Oliver is 2 years old now. He’s not quite 2 and a half, but he’s getting there. A few months back, he developed what is perhaps the most annoying habit in the entire world. This sweet, adorable, loving little boy will occasionally and without warning, scream at the top of his tiny lungs while smiling his cute little face off. Just to clarify what I mean by this, it’s more of a shriek than a scream. It’s a high pitched, ear splitting noise that pierces your very soul. No place or time is off limits to this either. He could be in acceptable places like a large outdoor playground or a field or in a crowded supermarket or, my personal…whatever the opposite of favorite is…the car.
We had a long car ride home yesterday from Monica’s family reunion upstate. Parker was sleeping soundly and we figured that Oliver would conk out so we’d have a peaceful ride. No such luck. Oliver was up the entire way back, screaming like a madman. Despite us trying everything we could possibly think of to stop him from doing this short of stuffing a sock in his mouth, he kept gleefully doing it. It got to the point that Parker woke up and was crying. To paint this mental picture for you, we’ve got Oliver shrieking, Parker crying, Monica trying to soothe them both, and me driving with gritted teeth, hoping to get home as fast as possible so I can get the hell out of that car and perhaps jump out of a window.
We got home and I dragged Oliver upstairs, changed him into his pajamas, threw him in bed, and then went to unload the car. Meanwhile, he was clearly not tired, so he proceeded to get up and yell for me at the top of the stairs. After taking a minute to calm down, I went up there, put him back in bed, tucked him in, and then closed the door. This set him off on a fit, despite the fact that he told me to leave and to close the door. Kids can’t make up their minds. I let him cry it out for a few minutes before going in there and calmly tucking him in again. I sat with him for a little while and it was like everything was totally normal. He was my sweet little boy again and all was right in the world. All of the aggravation I had built up during the car ride washed away. Here was my son, curled up in bed, clutching his teddy bear under his Spider-Man blanket and he just wanted me to sit with him for a few minutes before he fell asleep.
That’s the thing about being a parent. It can be the most rewarding, literally awesome thing in the entire world one minute and the next, it can be a terrifying, soul-crushing beast. Despite this, I wouldn’t change a thing. The good far outweighs the bad. Just know that some day I will not only wake my son up in the middle of the night just to hang out, but I’ll also be sure to shriek at an inopportune time in his life. Maybe at his high school graduation or his wedding day. Dad doesn’t forget, buddy.
A little more than two weeks ago, I became a dad again. Parker Maxwell Ferguson was born on Saturday, June 13th at 10:47 PM. This is the story of his arrival.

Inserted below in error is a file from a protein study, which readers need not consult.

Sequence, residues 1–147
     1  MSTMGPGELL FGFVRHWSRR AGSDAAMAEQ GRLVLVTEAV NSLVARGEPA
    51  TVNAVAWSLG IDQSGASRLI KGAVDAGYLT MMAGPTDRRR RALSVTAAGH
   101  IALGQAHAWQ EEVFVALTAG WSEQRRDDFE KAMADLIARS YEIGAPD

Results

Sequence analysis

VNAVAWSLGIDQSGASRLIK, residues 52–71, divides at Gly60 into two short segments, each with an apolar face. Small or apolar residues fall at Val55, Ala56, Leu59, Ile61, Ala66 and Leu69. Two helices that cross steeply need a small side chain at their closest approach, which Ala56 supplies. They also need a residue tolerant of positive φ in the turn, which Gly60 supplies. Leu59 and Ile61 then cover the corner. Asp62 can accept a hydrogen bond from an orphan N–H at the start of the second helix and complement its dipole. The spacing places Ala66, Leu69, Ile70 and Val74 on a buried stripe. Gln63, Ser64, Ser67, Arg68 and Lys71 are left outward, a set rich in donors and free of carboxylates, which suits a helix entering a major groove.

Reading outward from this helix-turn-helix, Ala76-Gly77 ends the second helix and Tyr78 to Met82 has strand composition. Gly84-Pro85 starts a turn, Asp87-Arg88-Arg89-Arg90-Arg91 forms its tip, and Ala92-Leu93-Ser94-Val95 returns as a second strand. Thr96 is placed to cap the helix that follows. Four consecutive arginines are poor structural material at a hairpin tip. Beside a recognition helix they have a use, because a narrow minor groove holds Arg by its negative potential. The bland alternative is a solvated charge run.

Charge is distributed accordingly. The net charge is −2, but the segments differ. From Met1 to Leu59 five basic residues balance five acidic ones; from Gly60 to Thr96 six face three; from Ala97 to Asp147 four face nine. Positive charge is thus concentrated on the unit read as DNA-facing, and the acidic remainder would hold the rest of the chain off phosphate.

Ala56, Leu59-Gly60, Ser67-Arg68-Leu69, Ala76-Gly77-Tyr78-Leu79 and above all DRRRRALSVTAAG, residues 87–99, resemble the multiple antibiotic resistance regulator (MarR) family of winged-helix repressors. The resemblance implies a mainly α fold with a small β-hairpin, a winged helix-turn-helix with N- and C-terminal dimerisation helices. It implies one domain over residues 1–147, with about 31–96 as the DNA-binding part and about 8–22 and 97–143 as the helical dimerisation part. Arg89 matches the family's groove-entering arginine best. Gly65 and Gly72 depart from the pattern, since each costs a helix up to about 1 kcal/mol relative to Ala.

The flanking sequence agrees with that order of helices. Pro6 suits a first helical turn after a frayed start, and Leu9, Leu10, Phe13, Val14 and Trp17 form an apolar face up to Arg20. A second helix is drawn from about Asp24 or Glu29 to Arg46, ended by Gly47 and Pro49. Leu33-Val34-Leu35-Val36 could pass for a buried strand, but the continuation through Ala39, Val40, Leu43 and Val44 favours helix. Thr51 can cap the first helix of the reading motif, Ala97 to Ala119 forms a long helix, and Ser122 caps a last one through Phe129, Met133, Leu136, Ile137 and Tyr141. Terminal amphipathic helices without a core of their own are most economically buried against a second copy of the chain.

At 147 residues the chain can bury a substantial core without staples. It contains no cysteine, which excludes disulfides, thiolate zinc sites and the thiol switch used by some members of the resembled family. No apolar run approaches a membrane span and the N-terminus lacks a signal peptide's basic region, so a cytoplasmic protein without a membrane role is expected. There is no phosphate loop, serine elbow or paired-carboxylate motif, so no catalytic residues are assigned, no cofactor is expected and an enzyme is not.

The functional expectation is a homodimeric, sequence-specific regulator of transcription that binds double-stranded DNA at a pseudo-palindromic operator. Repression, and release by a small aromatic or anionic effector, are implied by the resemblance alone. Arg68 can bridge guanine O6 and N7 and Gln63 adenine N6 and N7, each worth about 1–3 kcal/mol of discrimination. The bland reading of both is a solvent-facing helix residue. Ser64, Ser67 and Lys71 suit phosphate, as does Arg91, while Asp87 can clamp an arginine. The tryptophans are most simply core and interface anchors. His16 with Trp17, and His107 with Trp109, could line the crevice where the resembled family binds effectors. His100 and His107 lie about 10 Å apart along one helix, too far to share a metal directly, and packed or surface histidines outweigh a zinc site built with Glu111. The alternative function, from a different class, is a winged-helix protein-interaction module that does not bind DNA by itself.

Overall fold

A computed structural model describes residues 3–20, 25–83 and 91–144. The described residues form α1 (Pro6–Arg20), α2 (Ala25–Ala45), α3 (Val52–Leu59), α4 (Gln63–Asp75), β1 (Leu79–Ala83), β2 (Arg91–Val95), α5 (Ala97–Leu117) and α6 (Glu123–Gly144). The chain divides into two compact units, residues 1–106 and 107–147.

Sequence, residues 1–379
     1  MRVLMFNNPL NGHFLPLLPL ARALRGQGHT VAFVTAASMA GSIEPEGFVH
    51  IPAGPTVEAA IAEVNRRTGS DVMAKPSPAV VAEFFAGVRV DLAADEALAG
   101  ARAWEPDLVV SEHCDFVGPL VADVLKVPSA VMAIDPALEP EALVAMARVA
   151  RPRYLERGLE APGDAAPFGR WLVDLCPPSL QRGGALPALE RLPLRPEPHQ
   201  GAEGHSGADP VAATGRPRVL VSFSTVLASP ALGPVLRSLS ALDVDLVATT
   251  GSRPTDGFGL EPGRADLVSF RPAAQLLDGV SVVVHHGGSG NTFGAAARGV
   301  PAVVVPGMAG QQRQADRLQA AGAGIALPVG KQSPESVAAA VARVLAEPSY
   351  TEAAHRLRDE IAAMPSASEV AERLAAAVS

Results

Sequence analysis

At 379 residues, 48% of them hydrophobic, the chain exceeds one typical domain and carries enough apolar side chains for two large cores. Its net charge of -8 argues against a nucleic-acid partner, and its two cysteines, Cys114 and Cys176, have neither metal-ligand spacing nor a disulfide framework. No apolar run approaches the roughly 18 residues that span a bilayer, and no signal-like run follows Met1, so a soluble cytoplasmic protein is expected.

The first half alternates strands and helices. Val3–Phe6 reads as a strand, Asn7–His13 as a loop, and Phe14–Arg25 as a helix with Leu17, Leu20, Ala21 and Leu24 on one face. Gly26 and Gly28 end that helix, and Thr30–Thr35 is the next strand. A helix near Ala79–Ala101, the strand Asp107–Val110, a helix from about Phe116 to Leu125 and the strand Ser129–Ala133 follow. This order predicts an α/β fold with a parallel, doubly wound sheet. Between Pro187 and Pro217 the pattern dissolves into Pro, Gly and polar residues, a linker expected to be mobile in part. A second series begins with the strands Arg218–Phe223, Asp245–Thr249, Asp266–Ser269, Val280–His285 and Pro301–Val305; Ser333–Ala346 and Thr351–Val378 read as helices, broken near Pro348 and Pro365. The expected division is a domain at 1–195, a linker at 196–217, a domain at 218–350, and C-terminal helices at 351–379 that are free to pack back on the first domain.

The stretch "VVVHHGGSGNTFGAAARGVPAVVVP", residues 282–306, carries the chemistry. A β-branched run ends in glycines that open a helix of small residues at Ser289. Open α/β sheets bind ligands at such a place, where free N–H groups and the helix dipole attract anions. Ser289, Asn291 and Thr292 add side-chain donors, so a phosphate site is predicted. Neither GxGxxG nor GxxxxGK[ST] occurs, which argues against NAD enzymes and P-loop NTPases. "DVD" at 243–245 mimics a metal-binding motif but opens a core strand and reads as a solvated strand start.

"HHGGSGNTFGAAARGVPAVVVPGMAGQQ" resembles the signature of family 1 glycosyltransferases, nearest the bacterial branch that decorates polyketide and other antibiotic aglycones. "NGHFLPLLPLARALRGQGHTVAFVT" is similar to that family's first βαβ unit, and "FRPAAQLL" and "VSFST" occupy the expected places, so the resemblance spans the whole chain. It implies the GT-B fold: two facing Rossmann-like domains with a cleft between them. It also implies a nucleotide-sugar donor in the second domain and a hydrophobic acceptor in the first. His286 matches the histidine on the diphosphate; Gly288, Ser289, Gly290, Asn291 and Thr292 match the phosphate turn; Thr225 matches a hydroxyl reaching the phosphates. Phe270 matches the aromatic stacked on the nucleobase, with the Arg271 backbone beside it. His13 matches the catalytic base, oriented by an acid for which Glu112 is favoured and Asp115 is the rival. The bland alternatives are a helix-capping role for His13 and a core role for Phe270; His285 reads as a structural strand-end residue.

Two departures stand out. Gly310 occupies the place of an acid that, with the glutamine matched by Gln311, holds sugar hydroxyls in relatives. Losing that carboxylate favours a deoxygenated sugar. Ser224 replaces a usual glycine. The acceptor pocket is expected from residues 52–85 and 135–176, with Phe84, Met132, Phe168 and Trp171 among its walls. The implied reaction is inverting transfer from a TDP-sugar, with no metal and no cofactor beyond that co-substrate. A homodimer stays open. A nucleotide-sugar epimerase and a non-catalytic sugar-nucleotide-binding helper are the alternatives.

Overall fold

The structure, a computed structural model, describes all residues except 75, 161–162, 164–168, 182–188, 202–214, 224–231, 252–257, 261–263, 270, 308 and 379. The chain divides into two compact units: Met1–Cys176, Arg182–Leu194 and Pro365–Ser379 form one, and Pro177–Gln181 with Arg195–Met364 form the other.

After going through this twice, I can report that women tend to get to a point in their pregnancy where they just want it to be over. They’re really uncomfortable and agitated about it and they have every right to be. They are creating life after all. Monica reached that point in this pregnancy around the beginning of May. She wasn’t due until June 22nd. She went to the doctor for a routine visit on Thursday, June 11th. The doctor said that she would definitely go to full term. Two days later, as if both her and my soon-to-be-newborn son told the doctor “F You” her water broke.
This happened around 7 AM. I was downstairs with Oliver when Monica came down and told me that she thought her water broke. She eventually called the doctor who told her to come into the hospital around 1 PM. In the meantime, she relaxed, went for a walk, took a shower, and ate lunch. It was like every other day…except for the fact that liquid was literally leaking out of her. Yes, that sounds gross, but how did you think the baby was going to come out?
She also called her parents who agreed to come down to watch Oliver. This was a big concern for us because, depending on when the new baby came, we didn’t really know what to do with Oliver. As a very temporary solution, he could come with us, but someone would have to pick him up. If it was during the week, he’d be at daycare for most of the day. As it turned out, this was probably the best possible situation. It was the weekend. Monica’s dad had just started vacation so he was available to come down. It all lined up nicely.
We got to the hospital around 1:30 after I took at least 2 wrong turns. I can’t explain why this happened. I’ve been to this hospital several times when we were taking various lamaze classes and whatnot but for some reason, I just totally spaced out on the ride over. After getting into a room, the doctor confirmed that Monica’s water did indeed break. As a result, we were stuck there. She was officially admitted to the hospital as they won’t let you leave after the water is broken.